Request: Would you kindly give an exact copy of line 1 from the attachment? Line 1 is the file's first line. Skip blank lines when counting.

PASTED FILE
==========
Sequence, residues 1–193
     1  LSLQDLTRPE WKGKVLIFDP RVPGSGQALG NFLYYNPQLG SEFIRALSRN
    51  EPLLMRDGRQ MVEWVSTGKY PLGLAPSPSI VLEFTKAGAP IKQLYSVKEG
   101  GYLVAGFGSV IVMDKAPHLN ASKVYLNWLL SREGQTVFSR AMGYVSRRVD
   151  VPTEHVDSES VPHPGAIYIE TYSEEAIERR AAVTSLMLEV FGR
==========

Sequence, residues 1–193